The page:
Tuesday was my last day in Plymouth. We had planned to visit Buckland Abbey and The Garden House, both of which are not far from Princetown, but Buckland Abbey was closed because of foot-and-mouth. The Garden House was open, and it was wonderful! Of course there were not many flowers yet because it was so early in spring, but the gardens were spectacular nevertheless, and I enjoyed our visit.

On Wednesday, my plane from Plymouth to London-Gatwick (via Newquay) left at 10:35 a.m., and I made my way home to Bonn in seven and a half hours and without any problems or delays whatsoever.

March 28 2001

Catching up

Just making my usual weblog round…

Some odds and ends:

Sorry I’m late: Happy Birthday Brent!

Mollie is going on hiatus. Hope you’ll be back soon!

And Martin seems to be in semi-hiatus. See you some time or other!

I really do hope that your flight is better than ours was, David!

The Mandelbrot Monk (see March 18) was a hoax, says Hal. Sorry about that. But the story was cool, wasn’t it?

(I seem to have picked up the “wasn’t it/hasn’t it/isn’t it” thing in England. Heh. )

Someone once said: What goes around comes around. Work like you don’t need the money. Love like you’ve never been hurt. Dance like nobody’s watching. Sing like nobody’s listening. Live like it’s Heaven on Earth.

Thanks, Garret.

Gunk Dunc. Look at those photos!


Back from England!

Yay, I’m back and in one piece, and my luggage didn’t get lost! I’m really surprised about this because our flight(s) from Frankfurt to Plymouth was horrible! (The way back today was fine, thank you.)

Last Tuesday, André and I arrived at Frankfurt Airport at 3 p.m., about two hours before our flight was scheduled to take off. We went straight to check-in and learned that our flight to London-Gatwick was cancelled because the computer system of British Airways had been down for a while. So they had to do all the check-in by hand, ticking passengers off from lists and writing the boarding cards and luggage tags by hand. Yay.

Fortunately, BA had already put us on a later flight to Bristol and from there to Plymouth. And we would be less than half an hour late. So we had some time to kill at Frankfurt Airport, but that was not too bad. We phoned the parents of Pauline, André’s friend, who were supposed to pick us up at Plymouth Airport, that we would be a little late.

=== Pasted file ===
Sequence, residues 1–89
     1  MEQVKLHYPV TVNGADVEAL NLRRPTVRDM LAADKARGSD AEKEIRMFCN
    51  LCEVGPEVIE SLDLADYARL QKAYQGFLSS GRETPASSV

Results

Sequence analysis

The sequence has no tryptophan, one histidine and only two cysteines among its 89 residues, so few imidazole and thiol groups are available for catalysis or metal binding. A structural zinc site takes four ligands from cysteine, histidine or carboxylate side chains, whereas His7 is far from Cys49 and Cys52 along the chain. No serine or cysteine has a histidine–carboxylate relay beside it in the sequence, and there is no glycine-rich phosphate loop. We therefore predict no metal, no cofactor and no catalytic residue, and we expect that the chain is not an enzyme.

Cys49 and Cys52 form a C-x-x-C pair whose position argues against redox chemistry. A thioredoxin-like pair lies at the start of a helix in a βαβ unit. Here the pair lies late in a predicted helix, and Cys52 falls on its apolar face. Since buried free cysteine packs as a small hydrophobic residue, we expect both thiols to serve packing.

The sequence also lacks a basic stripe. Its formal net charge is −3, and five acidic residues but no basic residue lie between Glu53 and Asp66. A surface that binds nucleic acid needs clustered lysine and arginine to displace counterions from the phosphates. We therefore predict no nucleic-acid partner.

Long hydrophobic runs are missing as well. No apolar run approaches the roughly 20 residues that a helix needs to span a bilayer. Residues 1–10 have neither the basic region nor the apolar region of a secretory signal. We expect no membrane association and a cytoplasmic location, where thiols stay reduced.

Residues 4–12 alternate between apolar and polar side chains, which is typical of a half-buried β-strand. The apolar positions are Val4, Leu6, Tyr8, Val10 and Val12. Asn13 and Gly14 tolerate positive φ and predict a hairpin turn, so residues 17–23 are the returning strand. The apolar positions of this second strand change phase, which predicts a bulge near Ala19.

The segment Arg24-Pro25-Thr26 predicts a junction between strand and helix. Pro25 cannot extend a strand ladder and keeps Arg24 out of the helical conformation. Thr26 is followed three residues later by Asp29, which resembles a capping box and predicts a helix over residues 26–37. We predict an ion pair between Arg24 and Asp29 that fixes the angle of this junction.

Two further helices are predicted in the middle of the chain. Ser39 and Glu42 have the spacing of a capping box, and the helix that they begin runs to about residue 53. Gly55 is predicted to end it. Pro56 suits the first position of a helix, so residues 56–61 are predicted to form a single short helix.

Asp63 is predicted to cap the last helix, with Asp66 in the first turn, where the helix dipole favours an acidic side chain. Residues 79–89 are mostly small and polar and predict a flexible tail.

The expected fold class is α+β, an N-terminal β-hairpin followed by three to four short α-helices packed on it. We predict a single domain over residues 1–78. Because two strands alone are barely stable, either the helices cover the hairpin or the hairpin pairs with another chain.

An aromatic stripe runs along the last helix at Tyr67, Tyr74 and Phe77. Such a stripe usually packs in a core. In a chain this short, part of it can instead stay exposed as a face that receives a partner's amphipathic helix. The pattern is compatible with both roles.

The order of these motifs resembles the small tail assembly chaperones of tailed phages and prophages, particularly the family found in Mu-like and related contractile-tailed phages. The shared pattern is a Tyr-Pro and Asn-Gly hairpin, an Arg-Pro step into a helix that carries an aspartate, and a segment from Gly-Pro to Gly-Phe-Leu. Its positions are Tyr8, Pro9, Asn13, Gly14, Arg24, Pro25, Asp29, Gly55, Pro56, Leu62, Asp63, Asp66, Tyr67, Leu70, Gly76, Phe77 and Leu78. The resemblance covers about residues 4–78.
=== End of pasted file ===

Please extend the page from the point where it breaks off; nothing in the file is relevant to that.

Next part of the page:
Finally our flight was called. It was half an hour late because it was snowing heavily in Bristol. We checked in and made sure that someone in Bristol knew we wanted to catch a flight to Plymouth so they’d be waiting for us.

But after ten or twenty minutes, they moved us out of the waiting area at the gate because they wanted to start boarding for another flight. Twenty or thirty people, most of whom wanted to fly to Bristol, now sat outside the gate and waited for boarding. When nothing happened, someone went to ask the ground staff what was going on, and he came back and said the flight was cancelled altogether. But we never heard this on the loudspeakers or from a staff member.

After a little while, all passengers to Bristol were asked to proceed to the gate next to the one at which we were waiting, but there was a flight going to London-Heathrow and the staff at the gate knew nothing about passengers to Bristol – let alone Plymouth. The computer was not working (remember?), so someone started making phone calls. It turned out that the flight to Bristol had been cancelled ages ago – after all, the plane had never left Bristol, and they should have told us that hours earlier. All passengers for Bristol were now booked for Heathrow, departure at Frankfurt airport 8:30 p.m. At this point, we already were more than three hours late. We asked about our luggage, which we had last seen at 3 p.m., going on its way to Plymouth. Someone made a phonecall and had our luggage rerouted to London-Heathrow because nobody knew whether there would be a plane from Heathrow to Plymouth, or maybe ground transportation, or a hotel room and a flight the next day. Because the computers were not working. Next phone call to Plymouth: We will definitely go to London, but we don’t know if or when we will be in Plymouth.

At 9 p.m., we left Frankfurt Airport on board of a plane that headed to Heathrow and surprisingly arrived there one and a half hours later without any problems whatsoever. Because of the time difference, it was 9:30 p.m. in London, and after we retrieved our luggage (which surprisingly had been in the plane with us!), the dozen or so people who originally intended to go to Bristol managed to get someone from British Airways to help. The poor lady knew nothing about us – we began to wonder if not only the computers, but also the telephone was not working here – and after an hour she had most of the people on their way to Bristol. That left four people, one of whom took a taxi to a hotel in London.